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Wednesday, February 12, 2003

Beach races wane, then DePalma turns tide


DAYTONA BEACH — Bob Latford is a walking, talking stock-car encyclopedia who has written several NASCAR-related books.

Latford grew up in Daytona Beach, and worked in public relations in motorsports. His final duty was acting as the CBS Sports NASCAR historian, spoon-feeding statistical pearls to the annnouncing team.

Bob Latford (Photo: The News-Journal)

“When they started racing on the beach in 1946 -- before NASCAR was even formed -- Bill France Sr. had his gas station on Main Street and that was on my way to and from school.

We´d stop there, and every once in a while somebody would have a race car in there working on it. Bill Sr. asked us one day “Hey, you and your brothers want to make some money? We´ve got this race coming up on the beach and we need people to sell programs and stuff.”

So my brothers and I went down there and started doing that. We went down there and worked concession stands and a lot of other things. I was 11 years old.

We saw in Benny Kahn´s column in The News-Journal that Big Bill was having a meeting at the Streamline Hotel about some kind of racing organization. That was in early December of 1947.

On the way home from school we just dropped our bikes outside and went up to the meeting, which had just ended. I heard Bill Sr. on the phone calling Cannonball Baker to be the first czar of the new sport. The title was later changed to commissioner. I remember how that room was filled with cigar and cigarette smoke.

The beach races in 1946 and ´47 were on the old beach course. When NASCAR started in 1948, they moved to the last beach course, which was down near the (Ponce) inlet. The south turn was down near the lighthouse, and the north turn was up two miles away.

We worked all those races. I did about everything. My favorite job was spotting for announcers. Big Bill would find me and tell me to “Go down there and help so-and-so with this or that.” It was all pretty exciting.

I´d keep coming back here from college. I worked with Houston Lawing, who did PR work for Bill Sr. for the first Daytona 500 when I was still going to the University of Florida. When I graduated, Houston offered me a job in the PR department at the Speedway.

During the first Daytona 500, I covered the entire pit road for the press box, gathering information on who fell out and why and so forth. I was standing in Johnny Beauchamp´s pit box when he and Lee Petty hit the line for a photo finish.

It took three days to determine the winner because nobody had anticipated a 500-mile race with that kind of finish. That immediately established stock-car racing as a viable, competitive sport.

Let me tell you about putting that points system together. In 1974, I was public relations director at Atlanta Motor Speedway, and I went over to Talladega Superspeedway for a race. I saw Bill France Jr., who was then president at NASCAR. He and Bill Sr., and Winston Cup director Bill Gazaway called me over to the office.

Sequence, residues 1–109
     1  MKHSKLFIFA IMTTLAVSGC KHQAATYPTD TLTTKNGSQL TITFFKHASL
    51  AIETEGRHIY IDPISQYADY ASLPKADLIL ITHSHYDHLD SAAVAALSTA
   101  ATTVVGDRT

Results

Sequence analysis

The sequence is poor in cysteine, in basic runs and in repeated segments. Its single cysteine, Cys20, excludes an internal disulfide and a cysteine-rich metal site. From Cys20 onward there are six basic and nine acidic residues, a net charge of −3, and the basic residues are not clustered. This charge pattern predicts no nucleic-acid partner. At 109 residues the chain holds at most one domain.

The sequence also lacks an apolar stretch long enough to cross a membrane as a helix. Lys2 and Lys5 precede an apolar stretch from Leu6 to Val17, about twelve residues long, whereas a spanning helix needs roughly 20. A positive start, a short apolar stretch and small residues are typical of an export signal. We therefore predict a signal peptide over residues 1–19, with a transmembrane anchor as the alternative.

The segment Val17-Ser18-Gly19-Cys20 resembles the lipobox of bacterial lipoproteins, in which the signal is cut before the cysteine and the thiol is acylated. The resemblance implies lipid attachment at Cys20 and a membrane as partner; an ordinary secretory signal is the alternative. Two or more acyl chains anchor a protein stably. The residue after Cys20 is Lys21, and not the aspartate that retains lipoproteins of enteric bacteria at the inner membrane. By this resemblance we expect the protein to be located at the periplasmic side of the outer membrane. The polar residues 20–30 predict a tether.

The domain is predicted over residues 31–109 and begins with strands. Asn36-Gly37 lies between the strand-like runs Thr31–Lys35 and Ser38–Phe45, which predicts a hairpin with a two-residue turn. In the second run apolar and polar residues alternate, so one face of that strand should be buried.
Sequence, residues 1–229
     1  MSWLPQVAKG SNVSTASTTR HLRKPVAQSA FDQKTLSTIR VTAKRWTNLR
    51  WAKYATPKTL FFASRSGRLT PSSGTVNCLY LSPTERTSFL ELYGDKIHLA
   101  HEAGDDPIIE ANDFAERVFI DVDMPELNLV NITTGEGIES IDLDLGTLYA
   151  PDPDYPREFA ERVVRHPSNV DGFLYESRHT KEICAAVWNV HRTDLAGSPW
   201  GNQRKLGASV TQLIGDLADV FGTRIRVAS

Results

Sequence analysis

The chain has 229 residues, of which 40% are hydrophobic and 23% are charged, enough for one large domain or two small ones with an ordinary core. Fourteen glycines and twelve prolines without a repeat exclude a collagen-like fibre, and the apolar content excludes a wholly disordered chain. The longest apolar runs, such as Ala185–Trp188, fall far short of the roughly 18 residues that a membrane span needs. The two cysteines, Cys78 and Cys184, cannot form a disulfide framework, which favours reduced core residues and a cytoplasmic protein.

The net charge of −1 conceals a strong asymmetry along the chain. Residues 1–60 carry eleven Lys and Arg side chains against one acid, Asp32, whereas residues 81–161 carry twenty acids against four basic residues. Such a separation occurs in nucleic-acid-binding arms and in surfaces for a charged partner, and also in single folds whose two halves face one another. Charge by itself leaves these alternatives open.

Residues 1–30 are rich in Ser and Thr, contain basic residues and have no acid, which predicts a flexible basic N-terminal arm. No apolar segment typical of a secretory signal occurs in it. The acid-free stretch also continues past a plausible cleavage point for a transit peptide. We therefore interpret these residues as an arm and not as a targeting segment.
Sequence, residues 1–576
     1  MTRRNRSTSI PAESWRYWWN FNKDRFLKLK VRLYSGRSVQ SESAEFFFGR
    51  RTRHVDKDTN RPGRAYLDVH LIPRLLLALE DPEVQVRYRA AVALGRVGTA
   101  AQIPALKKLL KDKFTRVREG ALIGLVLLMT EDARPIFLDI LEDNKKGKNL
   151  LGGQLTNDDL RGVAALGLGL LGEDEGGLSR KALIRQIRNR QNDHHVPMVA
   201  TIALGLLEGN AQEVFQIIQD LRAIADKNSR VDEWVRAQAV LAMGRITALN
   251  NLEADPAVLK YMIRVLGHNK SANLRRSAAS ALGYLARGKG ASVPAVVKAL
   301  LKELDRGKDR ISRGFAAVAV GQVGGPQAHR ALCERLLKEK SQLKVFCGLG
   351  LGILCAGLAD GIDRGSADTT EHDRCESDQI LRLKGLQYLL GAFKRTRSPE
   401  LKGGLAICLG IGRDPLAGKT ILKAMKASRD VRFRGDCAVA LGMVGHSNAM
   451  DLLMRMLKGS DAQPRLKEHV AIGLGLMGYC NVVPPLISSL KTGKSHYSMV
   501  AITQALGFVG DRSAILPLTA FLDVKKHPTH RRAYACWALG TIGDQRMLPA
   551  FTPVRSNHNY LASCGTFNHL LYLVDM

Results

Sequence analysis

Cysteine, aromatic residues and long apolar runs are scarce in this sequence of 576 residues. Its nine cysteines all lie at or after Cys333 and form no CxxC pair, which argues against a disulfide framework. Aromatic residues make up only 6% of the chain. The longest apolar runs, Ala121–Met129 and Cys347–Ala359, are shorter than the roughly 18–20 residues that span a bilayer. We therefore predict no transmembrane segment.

I thought something bad was going to happen to me. But Bill said “You´ve always been interested in numbers and math. Would you be interested in a project to give us a better points system? The one we have is confusing. Heck, the competitors have a hard time understanding it. If the competitors can´t figure out the system, the fans certainly can´t.”

So he asked me to look at a new points system. After the race, I came down to Daytona and met with Bill Whitlock, who was NASCAR´s communications director, and Phil Homer, who was a marketing services manager.

We tossed around some ideas. What are we trying to do? We were trying to determine the champion of the entire circuit, not just selected races. We talked about what we wanted to do and how we needed to get there.

We discussed people like Fireball Roberts and Junior Johnson and Curtis Turner, who were the three biggest names we had ever had in the sport. None of those three was ever a champion because they always ran up front. They put on the show. They were the drivers the people came to see. But because they ran hard every lap, their chances of being around at the finish was not good. They were more likely to crash or blow up compared to somebody that didn´t push that hard.

We decided that somewhere in this system we needed to have a reward for the guys who would get up there and run hard, so that´s where we came up with a five-point bonus for leading a lap and five more for leading the most laps.

Phil owned the Boot Hill Saloon at the time, before it was a biker bar. We went there after work one day to have a couple of beers. We sat there and talked about it and tried several formulas. We started at 175 points and drop by five points for each of the top five positions, then by four for the next five and by three from there back.

It hadn´t been that long since we had started 50 cars in races, so they wanted a break all the way to the end of the field. Using that formula, it goes all the way back to 54 places, if necessary. We worked it out on cocktail napkins. I applied that formula to the three previous years to see how it worked out. I went back to my office in Atlanta, typed it up and sent it to Bill Jr., and it was adopted as submitted for the 1975 season and has remained unchanged ever since.” -- Bob Latford

Special Report: 100 YEARS OF RACING
Traveling a long way from establishing land speed records, automobile racing has taken a different turn. Now, due west of the sands where racing began, sleek-bodied stock cars race on the high banks of Daytona International Speedway.


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